• If 10 means that you have all possible respect for the other(s), and 0 means you have no respect at all, where would you say you are right now?
  • How come it is not less?
  • What mark would you like to reach in the future, since you will continue having contact with each other?
  • What is already working in the right direction?
  • What would be a next step or a next sign of progress?

Scaling collaboration

Schelling (1960) asked: ‘If the zero sum is the limiting case of pure conflict, what would then be the other extreme?’ It must be pure collaboration, he says, a non zero sum game in which the players win or lose together, having identical preferences regarding the outcome. In such a game it is important that the players understand each other, to discover patterns of individual behavior that make each player’s actions predictable to the other; they have to test each other for a shared sense of pattern or regularity and to exploit cliches, conventions and impromptu codes for signaling their intentions and responding to each other’s signals. They must communicate by hint and by suggestive behavior. Two vehicles trying to avoid collisions, two people dancing together to unfamiliar music, or members of a guerrilla force that become separate in combat have to concert their intentions in this fashion, as do the applauding members of a concert audience, who must at some point ‘agree’ on whether to press for an encore or taper off together.

Scaling questions along the dimensions of pure collaboration – pure conflict can be helpful to find out where clients are on the scale of collaboration and what they are hoping for. Especially when there will be an ongoing relationship in the future, in divorce cases, in teams, with neighbors or with families, these questions can be very useful.The same kind of questions that can be used for respect and contempt can be used here.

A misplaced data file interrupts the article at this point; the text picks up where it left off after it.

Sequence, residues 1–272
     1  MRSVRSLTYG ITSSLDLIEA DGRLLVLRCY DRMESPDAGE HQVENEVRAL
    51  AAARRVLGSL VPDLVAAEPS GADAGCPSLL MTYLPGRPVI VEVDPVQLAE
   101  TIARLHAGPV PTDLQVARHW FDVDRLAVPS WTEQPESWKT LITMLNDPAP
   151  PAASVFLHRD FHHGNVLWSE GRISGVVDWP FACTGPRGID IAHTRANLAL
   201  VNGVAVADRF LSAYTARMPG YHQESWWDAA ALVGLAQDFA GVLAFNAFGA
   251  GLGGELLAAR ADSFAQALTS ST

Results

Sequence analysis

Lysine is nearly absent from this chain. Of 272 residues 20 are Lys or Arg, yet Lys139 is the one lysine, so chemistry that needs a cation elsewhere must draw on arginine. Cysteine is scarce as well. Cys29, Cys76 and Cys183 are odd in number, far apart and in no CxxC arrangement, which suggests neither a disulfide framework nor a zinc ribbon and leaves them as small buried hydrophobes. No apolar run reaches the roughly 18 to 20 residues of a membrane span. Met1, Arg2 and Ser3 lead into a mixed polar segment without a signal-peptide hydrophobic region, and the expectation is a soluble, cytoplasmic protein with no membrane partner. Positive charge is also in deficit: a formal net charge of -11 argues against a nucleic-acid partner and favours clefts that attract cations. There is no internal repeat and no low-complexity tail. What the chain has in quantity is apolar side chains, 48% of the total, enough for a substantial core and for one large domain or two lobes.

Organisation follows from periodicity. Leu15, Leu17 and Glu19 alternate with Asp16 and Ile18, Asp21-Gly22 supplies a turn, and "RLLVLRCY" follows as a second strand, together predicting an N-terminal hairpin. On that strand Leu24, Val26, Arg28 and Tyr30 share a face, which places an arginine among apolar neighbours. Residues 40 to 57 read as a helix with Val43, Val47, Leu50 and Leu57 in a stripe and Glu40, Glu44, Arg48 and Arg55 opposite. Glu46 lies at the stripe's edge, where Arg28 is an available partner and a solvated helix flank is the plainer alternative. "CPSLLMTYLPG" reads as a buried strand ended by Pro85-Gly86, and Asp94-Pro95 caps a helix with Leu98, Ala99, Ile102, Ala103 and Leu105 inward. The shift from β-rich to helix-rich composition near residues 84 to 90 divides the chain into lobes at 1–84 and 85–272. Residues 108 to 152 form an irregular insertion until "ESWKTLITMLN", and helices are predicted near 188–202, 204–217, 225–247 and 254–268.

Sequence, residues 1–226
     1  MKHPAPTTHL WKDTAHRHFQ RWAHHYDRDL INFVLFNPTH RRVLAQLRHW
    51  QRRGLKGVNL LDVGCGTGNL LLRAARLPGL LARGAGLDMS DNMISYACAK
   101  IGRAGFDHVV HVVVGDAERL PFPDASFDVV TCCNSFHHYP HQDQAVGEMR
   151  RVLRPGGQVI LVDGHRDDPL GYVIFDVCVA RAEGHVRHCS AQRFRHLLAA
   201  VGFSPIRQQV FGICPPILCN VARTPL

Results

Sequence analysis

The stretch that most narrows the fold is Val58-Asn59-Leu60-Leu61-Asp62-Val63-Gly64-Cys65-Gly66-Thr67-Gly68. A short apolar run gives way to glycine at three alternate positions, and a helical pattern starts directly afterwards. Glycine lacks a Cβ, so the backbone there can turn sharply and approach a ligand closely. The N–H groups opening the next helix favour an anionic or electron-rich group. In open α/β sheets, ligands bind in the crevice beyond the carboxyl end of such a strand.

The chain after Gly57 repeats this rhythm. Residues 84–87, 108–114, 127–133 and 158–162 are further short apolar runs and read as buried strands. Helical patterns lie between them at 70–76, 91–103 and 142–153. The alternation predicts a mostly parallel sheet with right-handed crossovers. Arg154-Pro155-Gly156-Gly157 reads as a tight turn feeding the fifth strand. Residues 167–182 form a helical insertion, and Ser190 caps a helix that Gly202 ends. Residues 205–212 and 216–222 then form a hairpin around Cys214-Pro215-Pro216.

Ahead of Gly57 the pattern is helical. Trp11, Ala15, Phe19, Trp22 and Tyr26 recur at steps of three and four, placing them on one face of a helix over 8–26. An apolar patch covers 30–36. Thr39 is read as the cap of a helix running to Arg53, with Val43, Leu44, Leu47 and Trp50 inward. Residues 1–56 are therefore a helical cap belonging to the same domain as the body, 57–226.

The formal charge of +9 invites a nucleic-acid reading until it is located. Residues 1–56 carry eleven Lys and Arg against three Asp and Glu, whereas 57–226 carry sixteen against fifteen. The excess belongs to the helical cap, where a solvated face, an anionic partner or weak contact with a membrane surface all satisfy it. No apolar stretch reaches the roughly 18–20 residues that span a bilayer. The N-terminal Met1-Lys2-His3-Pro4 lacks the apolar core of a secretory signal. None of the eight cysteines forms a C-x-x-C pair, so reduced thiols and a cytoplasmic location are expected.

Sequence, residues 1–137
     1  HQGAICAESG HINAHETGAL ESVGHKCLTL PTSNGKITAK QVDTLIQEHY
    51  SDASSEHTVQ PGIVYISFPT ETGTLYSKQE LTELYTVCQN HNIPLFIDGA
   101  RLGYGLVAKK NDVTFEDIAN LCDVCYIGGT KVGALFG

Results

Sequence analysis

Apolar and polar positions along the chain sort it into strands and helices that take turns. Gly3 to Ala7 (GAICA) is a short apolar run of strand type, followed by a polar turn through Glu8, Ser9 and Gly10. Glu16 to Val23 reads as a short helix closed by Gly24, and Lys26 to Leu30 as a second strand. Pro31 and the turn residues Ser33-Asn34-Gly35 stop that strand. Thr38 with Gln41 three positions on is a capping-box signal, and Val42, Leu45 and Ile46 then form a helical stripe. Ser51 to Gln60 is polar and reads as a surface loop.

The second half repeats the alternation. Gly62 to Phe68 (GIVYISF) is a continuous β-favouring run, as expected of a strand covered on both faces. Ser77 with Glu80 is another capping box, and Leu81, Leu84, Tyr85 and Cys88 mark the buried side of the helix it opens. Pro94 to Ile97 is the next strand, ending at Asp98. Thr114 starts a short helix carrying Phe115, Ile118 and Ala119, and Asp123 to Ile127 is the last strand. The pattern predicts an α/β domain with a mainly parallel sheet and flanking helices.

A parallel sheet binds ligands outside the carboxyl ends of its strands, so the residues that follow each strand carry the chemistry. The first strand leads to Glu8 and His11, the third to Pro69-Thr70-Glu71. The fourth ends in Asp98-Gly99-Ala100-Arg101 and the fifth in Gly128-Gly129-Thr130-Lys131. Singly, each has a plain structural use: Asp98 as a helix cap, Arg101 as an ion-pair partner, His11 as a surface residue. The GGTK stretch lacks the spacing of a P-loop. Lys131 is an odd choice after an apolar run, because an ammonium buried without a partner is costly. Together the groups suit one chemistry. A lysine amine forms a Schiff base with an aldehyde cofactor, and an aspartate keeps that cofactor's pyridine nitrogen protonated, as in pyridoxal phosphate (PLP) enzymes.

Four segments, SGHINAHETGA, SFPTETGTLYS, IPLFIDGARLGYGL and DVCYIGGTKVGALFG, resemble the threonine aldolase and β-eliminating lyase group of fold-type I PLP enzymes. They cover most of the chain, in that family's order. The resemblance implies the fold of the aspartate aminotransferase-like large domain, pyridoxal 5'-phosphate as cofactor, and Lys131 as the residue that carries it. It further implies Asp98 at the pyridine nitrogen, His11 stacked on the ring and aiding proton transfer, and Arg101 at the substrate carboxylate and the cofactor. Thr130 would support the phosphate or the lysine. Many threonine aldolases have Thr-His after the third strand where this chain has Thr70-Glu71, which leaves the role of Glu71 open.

Ballreich and Glasl (2007) developed a model of scaling escalation in conflicts: the escalation ladder. They imagine the escalation process not as an ascending ladder, but as a descending one. Each new level of escalation restricts the options for action of the clients involved. The escalation process is seen as a process of successive closings of alternatives for action and the opening of new, although restricted, ones. On the individual level, this restriction of alternatives for action corresponds to a cognitive and moral regression. The three phases of escalation can be described as follows.

In phase 1, the clients are aware of the existence of tension and conflicts of interests, but are still attempting to find a solution by eans of communication. The conflict can be described as a problem. The behavior is oriented toward cooperation. From the point of view of game theory the game is still a win-win game.

In phase 2, tension is generated not just by the conflict itself, but also by the manner of interaction and relationship between the clients. The issues at stake in the conflict expand and at the same time, the reciprocal perceptions change to the point where steriotypes develop. Mistrust and lack of respect between clients prevent direct communication. Cooperation-based strategies are abandoned and clients are primarily interested in enforcing their own interests, even against the other(s). The conflict can be described as a fight. The game shifts to a win-lose game.